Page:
It appears to have already arrived for e-commerce. Smartphone and tablet users are more likely to visit a retail website or app than desktop computer users, and more than a third of visits to the top 50 e-commerce sites come exclusively from mobile devices, according to a new study from analytics firm comScore. In June, 91% of tablet users and 90% of smartphone users accessed mobile e-commerce web properties.
That’s compared with the 78% of desktop web users that accessed e-commerce sites. The importance of e-commerce on mobile devices is further reinforced by the study’s finding that 35% of visitors to the most popular e-commerce sites only access those websites from mobile devices.
Offerings – Mobile Payments
“Retailers who do not (at a minimum) optimize their mobile browsing experience or introduce mobile apps are effectively turning away a third of their potential customers,” comScore said in a blog post about the study. The most commonly used technologies in mobile payments are plain SMS, encrypted SMS, USSD, and GPRS under the GSM, CDMA, and 3G umbrellas, but currently the majority of interbank mobile fund transfer transactions are channeled through the NEFT system.
Under NEFT, transactions are processed and settled in batches; hence, they are not real-time. Also, the transactions can only be done during the working hours of the RTGS system except in a few markets like Kenya where funds transfer from mobile wallets to bank accounts are almost conducted in real time. For example, if Mr. X (who also has a mobile wallet) needs to pay 500 USD from his bank ABC account in real time to Mrs. Y in her bank ZYX account, Mr. X will pull funds from his bank ABC account to his mobile wallet in real-time, then push funds directly to Mrs. Y in her bank account in near-real-time fashion.
In recent developments, US bank-backed ACH The Clearing House is to undertake a multi-year effort to build a new real-time processing platform as the country finally begins to get to grips with its antiquated payment systems as the digital economy moves in real time and our customers expect us to keep pace,” says Richard Davis, chairman, president, and CEO of US Bank and chairman of The Clearing House. “We will work with the industry to build a real-time payment infrastructure, which will enable consumers to pay and get paid securely and conveniently.” To overcome the above constraint and after carrying out a pilot study involving some select banks, the National Payments Corporation of India (NPCI) has introduced the Interbank Mobile Payment Service (IMPS) as of November 22, 2010. The IMPS offers an instant, 24×7, interbank electronic fund transfer service through mobile phones.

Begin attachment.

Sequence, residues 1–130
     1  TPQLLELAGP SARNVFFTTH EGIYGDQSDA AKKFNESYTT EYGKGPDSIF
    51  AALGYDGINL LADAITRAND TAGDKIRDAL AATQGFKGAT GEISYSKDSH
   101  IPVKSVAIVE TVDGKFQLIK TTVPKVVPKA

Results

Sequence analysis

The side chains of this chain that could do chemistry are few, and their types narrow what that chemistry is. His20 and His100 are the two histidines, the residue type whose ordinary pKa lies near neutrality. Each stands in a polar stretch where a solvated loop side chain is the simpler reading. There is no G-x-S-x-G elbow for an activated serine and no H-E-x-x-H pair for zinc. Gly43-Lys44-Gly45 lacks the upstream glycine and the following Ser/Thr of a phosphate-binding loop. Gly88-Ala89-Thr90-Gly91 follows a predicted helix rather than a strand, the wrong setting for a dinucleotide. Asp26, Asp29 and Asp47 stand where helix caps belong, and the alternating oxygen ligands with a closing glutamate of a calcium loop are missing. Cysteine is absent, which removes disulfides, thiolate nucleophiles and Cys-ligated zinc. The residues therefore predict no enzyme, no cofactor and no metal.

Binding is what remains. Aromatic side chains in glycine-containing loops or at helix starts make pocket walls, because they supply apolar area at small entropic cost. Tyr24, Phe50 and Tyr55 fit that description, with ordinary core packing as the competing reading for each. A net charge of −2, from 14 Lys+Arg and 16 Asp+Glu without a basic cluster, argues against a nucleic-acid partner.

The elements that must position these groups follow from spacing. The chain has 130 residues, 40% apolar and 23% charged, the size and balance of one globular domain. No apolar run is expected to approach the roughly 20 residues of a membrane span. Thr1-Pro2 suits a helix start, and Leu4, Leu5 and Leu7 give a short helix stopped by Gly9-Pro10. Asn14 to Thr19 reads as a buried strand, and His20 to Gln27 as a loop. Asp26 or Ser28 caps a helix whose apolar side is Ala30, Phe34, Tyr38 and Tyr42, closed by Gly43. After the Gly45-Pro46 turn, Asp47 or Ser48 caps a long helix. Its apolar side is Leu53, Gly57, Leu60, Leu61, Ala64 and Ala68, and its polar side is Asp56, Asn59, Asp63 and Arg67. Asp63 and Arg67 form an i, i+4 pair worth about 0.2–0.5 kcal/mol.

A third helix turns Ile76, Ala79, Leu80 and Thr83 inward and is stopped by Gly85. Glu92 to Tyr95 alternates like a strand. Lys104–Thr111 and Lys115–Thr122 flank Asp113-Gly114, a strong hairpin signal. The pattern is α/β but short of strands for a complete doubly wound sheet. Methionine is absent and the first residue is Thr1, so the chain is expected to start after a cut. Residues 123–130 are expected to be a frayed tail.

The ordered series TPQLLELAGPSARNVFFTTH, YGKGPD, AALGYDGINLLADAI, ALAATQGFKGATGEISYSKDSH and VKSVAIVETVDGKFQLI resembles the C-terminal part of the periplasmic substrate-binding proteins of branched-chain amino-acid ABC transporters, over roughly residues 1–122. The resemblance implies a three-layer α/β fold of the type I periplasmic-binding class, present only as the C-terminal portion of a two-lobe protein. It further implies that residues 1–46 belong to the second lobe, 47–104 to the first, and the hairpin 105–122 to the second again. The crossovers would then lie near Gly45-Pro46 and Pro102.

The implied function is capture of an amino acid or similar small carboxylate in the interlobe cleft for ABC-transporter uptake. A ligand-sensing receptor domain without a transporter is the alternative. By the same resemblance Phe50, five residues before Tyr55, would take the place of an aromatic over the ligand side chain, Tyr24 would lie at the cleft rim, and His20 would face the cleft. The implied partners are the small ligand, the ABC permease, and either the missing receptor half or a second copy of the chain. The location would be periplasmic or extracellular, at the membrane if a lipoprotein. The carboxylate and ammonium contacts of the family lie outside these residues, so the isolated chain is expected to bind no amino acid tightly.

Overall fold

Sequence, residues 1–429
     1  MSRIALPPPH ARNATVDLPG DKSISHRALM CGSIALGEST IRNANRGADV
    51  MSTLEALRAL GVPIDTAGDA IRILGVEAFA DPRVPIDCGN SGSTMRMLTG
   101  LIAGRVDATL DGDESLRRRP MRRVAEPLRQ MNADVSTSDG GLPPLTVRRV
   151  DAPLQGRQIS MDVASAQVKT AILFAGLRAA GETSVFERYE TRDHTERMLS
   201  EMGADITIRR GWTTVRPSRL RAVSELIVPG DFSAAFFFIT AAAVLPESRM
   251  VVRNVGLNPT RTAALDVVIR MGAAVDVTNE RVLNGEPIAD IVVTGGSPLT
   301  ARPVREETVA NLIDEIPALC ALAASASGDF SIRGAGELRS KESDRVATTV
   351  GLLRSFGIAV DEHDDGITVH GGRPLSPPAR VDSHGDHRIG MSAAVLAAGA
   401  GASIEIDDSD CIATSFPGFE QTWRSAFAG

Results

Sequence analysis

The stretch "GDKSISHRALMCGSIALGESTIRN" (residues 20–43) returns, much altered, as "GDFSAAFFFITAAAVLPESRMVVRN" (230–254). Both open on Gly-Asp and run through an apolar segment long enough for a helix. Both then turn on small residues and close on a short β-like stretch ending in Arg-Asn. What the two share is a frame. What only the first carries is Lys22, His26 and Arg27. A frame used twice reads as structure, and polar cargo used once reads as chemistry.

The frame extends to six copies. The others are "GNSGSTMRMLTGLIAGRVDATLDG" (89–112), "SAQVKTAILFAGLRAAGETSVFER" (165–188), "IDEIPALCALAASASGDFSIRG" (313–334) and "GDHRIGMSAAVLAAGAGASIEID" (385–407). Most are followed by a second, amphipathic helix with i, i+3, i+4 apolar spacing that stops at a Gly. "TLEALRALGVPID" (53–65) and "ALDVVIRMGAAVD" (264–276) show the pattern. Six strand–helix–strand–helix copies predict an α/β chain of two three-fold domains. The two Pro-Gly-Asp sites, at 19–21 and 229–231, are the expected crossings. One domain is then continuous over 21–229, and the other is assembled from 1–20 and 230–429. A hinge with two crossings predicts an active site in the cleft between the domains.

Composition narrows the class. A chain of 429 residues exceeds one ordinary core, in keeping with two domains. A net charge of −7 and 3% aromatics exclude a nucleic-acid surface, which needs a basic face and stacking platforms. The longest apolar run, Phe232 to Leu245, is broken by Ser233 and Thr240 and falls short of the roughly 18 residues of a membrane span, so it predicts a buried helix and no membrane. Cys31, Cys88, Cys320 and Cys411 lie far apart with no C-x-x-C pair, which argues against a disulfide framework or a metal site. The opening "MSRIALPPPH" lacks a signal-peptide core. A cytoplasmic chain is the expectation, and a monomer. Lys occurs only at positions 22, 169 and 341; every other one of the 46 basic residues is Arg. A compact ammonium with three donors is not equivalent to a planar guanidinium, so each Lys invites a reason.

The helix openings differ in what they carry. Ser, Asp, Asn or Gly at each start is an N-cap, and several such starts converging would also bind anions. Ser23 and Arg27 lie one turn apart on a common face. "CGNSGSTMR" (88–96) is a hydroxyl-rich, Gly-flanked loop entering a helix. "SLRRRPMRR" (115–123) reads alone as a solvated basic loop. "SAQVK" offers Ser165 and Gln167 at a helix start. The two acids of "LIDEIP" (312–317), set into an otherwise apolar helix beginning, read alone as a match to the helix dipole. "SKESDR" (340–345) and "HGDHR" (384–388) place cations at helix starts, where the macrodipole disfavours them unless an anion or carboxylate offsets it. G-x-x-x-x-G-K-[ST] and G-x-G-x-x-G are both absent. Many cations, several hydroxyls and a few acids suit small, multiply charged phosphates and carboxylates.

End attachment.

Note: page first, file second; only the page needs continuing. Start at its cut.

The IMPS facilitates customers’ use of mobile instruments as a channel for accessing their bank accounts and pushing high-volume interbank fund transfers in a secure manner with immediate confirmation features. This facility is provided by NPCI through its existing NFS switch. Mobile payments may broadly be classified as “contactless” (also known as “proximity”) or “remote” payments. For mobile “contactless payments,” the payer and payee (and equipment) are in the same location and communicate directly using contactless radio technologies such as near-field communications (NFC), QR Codes, Bluetooth, or infrared.
For mobile “remote payments,” the transaction is conducted over a telecommunication network such as GSM or the internet and can be made independent of the payee’s location and/or his/her equipment, thus creating ease, convenience, and trust for end-customers (payers, consumers, beneficiaries, and merchants). This concept is hereby regarded as critical for the further development of mobile payments.
Point of sale terminals (POS), mobile POS, NFC POS, VCN POS, ATMs, and subscriber handsets are different payment instruments, which we will discuss in much greater detail in the next article.
Points to Note
Fortunately, the rest of the payment industry players who were not part of the initial painful experiments have the unique opportunity to learn and gamify the industry and experience. Growing pains and avoid making the same costly mistakes is the key to win. Making one mistake could make them miss the opportunity to convert an occasional customer into a regular, loyal customer.
Conclusion – Today’s consumer demand flawless mobile payments. Not delivering is harmful to brands, ideas, innovation, and the payment industry. Mobile-driven loyalty is critical for consumer adoption of mobile payments. Other payment industry players can learn from past mistakes and avoid losing loyal customers. Experts agree that mobile-driven loyalty will be critical in garnering consumer adoption of mobile payments through channels such as mobile apps, USSD, SMS, NFC, GPS, QR codes, etc.